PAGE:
Try not to take up too much of their time and avoid asking questions about an assignment or grade, especially if a professor is with their family or running errands.
“Usually if it’s an urgent question, a student could bring it up and if I didn’t have time, I would say, ‘I really wanna talk to you about this, but could you email me? We’ll make an appointment,'” Projansky says.
5. Connect During Office Hours
Most faculty members offer office hours during the semester for students to pop in and ask questions about the course material. Wynn recommends sending an email ahead of time to the professor so they know what you want to discuss and can prepare adequately. Don’t be afraid to say you’re lost or confused about feedback on an assignment.
Ask questions, such as:
— For students who are performing well, what are their strategies and how do they approach the material?
— What area should I as a student work on?
— What are the most common mistakes students make on essays or projects for this class?
“We talk a lot with students about self-advocacy because that is something that we find folks develop over time at college,” Wynn says. “That gets them ready to be out there in the world past college.”
Office hours aren’t just reserved for students who are struggling in a class, however. Students can use the one-on-one time to get to know their professor’s area of study, ask for career-related advice or request a recommendation letter.
“It’s good to have face time with professors because they find out about scholarships and sometimes have research opportunities that students could gain experience working on,” says Patricia Williams Lessane, associate vice president for academic affairs at Morgan State University in Maryland.
6. Bring Up Concerns Appropriately
There might be a circumstance when you find a grading error or disagree with a critique on an assignment. But before you rush to call out the mistake or beg for a higher grade, review the assignment prompt and materials to reflect on why that score may have been given.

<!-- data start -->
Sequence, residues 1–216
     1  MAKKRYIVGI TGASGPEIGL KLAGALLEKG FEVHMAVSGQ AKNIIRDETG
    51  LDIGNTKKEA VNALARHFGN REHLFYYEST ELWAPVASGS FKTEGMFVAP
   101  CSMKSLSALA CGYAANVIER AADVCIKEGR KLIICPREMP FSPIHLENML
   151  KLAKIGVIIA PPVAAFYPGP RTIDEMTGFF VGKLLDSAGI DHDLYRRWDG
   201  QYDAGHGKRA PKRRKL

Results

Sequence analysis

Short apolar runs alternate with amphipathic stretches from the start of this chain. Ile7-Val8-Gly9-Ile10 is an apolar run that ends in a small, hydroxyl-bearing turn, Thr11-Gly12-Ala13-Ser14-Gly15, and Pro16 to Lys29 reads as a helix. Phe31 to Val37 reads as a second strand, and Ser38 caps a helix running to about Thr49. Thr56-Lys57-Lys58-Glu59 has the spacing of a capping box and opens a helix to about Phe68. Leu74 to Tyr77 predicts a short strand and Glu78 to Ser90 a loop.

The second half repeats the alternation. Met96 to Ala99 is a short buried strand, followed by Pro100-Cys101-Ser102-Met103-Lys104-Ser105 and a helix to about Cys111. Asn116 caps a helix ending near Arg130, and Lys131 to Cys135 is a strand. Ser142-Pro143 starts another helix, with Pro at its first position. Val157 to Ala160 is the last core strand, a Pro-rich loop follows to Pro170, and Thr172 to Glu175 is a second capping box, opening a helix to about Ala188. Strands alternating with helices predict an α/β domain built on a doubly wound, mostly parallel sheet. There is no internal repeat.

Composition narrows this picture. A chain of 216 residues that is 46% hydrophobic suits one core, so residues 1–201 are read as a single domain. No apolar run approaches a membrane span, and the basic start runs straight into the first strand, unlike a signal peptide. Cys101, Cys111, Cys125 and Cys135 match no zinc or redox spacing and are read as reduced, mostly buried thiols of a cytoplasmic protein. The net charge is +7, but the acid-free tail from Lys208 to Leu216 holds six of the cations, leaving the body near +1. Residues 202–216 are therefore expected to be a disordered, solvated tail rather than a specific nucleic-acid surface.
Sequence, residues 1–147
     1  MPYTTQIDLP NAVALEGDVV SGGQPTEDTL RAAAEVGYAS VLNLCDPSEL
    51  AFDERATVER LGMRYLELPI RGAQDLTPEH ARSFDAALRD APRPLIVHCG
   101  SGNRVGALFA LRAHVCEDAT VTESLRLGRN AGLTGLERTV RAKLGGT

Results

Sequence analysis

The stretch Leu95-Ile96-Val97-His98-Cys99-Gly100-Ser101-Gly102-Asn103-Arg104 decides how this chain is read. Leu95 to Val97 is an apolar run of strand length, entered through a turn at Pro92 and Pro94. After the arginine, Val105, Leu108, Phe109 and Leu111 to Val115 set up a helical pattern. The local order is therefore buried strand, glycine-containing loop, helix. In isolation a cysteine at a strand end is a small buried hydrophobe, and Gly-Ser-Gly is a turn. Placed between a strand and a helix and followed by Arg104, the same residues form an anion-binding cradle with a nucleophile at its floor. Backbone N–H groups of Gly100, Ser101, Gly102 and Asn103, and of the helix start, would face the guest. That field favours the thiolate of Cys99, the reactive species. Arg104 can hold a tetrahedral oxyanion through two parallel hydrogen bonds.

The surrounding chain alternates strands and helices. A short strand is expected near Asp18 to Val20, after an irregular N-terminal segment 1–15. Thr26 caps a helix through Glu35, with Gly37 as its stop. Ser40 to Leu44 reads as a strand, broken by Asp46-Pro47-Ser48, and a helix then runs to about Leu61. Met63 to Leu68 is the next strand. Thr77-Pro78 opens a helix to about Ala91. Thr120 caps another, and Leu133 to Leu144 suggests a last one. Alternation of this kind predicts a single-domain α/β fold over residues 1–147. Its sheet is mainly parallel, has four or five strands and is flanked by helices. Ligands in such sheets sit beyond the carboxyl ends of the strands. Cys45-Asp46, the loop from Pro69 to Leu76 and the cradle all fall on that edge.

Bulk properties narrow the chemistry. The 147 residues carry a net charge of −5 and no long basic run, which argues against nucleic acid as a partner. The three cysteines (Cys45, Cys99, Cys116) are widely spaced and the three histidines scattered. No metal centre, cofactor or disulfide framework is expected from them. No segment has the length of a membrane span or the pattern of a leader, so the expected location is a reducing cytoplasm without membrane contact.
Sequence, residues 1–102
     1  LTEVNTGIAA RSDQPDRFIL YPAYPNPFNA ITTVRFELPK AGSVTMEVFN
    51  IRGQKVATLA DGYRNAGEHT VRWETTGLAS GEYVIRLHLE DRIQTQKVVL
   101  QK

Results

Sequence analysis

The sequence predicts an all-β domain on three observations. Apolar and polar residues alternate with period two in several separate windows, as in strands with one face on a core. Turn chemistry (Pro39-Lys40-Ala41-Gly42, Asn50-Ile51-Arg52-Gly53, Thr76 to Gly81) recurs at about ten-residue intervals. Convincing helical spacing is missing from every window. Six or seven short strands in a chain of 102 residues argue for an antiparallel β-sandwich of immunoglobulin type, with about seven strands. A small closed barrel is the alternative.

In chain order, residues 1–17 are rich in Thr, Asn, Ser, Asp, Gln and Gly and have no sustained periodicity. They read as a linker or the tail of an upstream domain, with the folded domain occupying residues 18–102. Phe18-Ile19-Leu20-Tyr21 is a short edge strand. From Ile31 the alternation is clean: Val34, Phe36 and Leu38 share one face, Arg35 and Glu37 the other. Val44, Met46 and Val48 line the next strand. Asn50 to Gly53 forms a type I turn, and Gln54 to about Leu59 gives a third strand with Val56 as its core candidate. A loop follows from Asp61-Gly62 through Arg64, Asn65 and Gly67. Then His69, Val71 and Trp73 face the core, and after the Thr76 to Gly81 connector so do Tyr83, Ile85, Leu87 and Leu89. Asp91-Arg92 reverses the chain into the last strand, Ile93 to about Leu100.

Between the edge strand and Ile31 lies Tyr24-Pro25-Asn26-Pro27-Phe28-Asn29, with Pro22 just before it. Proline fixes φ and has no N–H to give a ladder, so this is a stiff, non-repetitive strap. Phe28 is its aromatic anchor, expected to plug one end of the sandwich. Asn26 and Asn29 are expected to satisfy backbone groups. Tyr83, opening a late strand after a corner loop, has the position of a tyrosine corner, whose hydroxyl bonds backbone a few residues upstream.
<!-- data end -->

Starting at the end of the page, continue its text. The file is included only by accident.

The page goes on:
From there, set up a one-on-one meeting rather than dropping by, experts say.
Bring up the issue in a professional manner. Projansky encourages students to say, “I don’t understand why I got the grade that I did. I thought I had met all the expectations.” That opens the door for the professor to explain their thought process.
“Be prepared. Have an argument for why you think you met all of the assignment requirements,” she adds. “Only challenge the grade after you’ve asked for an explanation. If a student comes in just challenging the grade, then the professor is likely to close down.”
In rare cases that a professor is not open to listening or explaining the grade, students can express their concerns to the department chair. That person may help facilitate a conversation between the faculty member and student.
7. See Yourself as a Mentee, Not a Friend
Lessane says that “it’s a mistake to think that getting to know your professor outside of class is off limits.” But there is a line. Professors are there to teach and be a resource to students, not be friends.
Friendliness is appropriate, experts say, but it’s important to look at it as a mentor and mentee relationship.
“If a student feels a connection with a faculty member and was interested in doing research with them or being mentored by them, reaching out, going to office hours, developing a professional, personal relationship outside of the classroom is a great way to do that,” Projansky says.
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7 Guidelines for College Student-Professor Interactions originally appeared on usnews.com